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Newspapers, La. athletic association fight over photo rights

By The Associated Press

Editor’s note: The Associated Press reported that on Feb. 27, the state athletic association lifted its limits on newspapers' sale of photos from the state girls' high school basketball tournament, allowing photographers to take pictures at will.

NEW ORLEANS — Photographers walked out of last night's girl's high school basketball tournament, rather than sign a form the Louisiana High School Athletic Association was demanding that would limit newspapers' sale of photos from the games.

The dispute is over who controls the photographic rights from the games and if newspapers have the right to resell the game's pictures, said Tommy Henry, commissioner of the association.

"We have a man that has been taking and selling pictures for the tournaments since 1983," Henry said. "Now they want to do that. This is exploitation by the media."

Allowing newspapers to sell copies of its photos would violate the LHSAA's contract with Musemeche Photography, Henry said. To prevent that, photographers were asked to sign a form that said only the photos that physically appear in a newspaper could be sold.

"The issue is not the resale of photos or even the posting of the pictures to our Web site," said Baton Rouge Advocate Executive Editor Carl Redman. "To me the issue is very much who controls the content of our newspaper. Do we control it or does an outside agency?"

Redman likened the LHSAA request to having the Legislature demand that newspapers could only take or publish limited photos of it.

"Obviously we object to this," said Kathy Spurlock, executive editor of The (Monroe) News-Star. "These are high school games, played in a public setting and open to the public. We are the representatives of the public and have a right to cover the event and use our material as we see fit."

"We believe we have the right to decide what to do with our photographs," said Jim Amoss, editor of The Times-Picayune of New Orleans. "In our view, there is no difference whether we choose to publish a photo in print or on the Web."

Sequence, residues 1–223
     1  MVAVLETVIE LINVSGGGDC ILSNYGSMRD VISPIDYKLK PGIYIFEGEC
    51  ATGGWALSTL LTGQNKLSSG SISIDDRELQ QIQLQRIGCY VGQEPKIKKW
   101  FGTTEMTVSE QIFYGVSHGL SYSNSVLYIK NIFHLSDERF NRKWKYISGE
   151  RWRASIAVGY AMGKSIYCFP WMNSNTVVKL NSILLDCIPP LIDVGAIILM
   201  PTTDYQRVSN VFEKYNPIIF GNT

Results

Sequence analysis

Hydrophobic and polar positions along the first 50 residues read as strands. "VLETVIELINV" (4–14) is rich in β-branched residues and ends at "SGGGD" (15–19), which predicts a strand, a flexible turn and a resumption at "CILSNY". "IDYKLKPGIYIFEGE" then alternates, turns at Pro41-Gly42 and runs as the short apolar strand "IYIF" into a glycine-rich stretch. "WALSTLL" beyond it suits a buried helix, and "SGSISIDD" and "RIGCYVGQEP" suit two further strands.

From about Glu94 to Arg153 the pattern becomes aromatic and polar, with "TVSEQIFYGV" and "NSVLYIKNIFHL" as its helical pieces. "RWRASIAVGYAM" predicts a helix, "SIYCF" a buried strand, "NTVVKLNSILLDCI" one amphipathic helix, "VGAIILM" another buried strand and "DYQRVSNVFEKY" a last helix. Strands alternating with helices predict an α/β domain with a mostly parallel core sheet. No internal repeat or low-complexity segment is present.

The dispute over photographic rights has been brewing for at least two years, but came to a head yesterday.

"We were hoping to get a grace period and be able to work this out," said Pam Mitchell-Wagner, executive director of the Louisiana Press Association. "We look at this as a freedom-of-the-press issue. We can't allow anyone to dictate how we cover an event."

Posting pictures to Web sites is a common occurrence, editors across the state said.

"Multimedia is the trendy thing now," said Hammond Daily Star Executive Editor Lil Mirando. "You may only have one picture in the paper, but people know they can find more on the Web site."

For a high school soccer game, the News-Star posted 12 pictures on Friday night, Spurlock said.

Although pictures on Web sites are for sale, editors said there was not much demand.

"The Web site is an extension of the paper," said Rod Richardson, managing editor of The (Shreveport) Times. "What difference does it make if we have pictures there or in the paper?"

Newspapers said they would carry stories without pictures today.

"And we'll run a story letting our readers know why," said Spurlock.


University of Oregon punts plan to limit sports coverage

Athletic director says public outcry, possible legal entanglements led to decision. 08.09.01

NCAA bounces Ky. reporter for blogging during baseball game
Editor defends Brian Bennett's right to real-time reporting during tournament; NCAA spokesman says it's against policy. 06.12.07

Ill. news organizations challenge rules on high school sports
Press association, newspapers file suit seeking access to events, halt to Illinois High School Association restrictions on use of photos, video. 11.05.07

Ill. press, high school group settle dispute over sports photos
News photographers will have full access at sponsored events unless it poses safety hazard, will be able to re-sell photos, video. 04.09.08

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